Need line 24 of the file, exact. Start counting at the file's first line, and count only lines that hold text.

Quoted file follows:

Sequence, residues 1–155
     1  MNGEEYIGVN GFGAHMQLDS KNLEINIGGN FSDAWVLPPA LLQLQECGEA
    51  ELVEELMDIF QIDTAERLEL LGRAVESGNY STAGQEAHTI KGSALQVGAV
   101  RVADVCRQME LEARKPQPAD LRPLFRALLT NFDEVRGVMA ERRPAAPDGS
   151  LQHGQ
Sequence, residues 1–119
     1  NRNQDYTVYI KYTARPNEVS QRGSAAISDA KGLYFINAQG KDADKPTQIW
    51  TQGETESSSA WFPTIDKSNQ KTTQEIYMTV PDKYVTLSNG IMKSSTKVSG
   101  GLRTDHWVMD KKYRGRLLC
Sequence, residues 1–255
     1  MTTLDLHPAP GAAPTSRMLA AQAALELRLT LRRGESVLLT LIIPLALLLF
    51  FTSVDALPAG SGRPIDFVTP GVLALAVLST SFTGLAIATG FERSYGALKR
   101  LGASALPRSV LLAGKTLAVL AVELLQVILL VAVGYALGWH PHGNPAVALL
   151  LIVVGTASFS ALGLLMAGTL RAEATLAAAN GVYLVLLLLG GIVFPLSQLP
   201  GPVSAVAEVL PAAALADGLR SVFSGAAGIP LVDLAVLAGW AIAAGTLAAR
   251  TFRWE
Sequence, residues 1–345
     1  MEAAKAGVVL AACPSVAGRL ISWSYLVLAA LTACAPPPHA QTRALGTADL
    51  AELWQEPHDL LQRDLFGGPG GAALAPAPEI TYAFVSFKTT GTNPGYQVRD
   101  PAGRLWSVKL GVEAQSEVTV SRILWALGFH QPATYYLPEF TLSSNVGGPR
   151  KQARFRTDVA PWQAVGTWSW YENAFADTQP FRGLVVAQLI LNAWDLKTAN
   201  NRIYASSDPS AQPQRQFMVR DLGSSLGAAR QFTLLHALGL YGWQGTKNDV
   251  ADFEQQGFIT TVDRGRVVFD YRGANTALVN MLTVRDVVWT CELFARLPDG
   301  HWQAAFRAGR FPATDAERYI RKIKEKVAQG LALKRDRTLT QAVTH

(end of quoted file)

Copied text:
   301  HWQAAFRAGR FPATDAERYI RKIKEKVAQG LALKRDRTLT QAVTH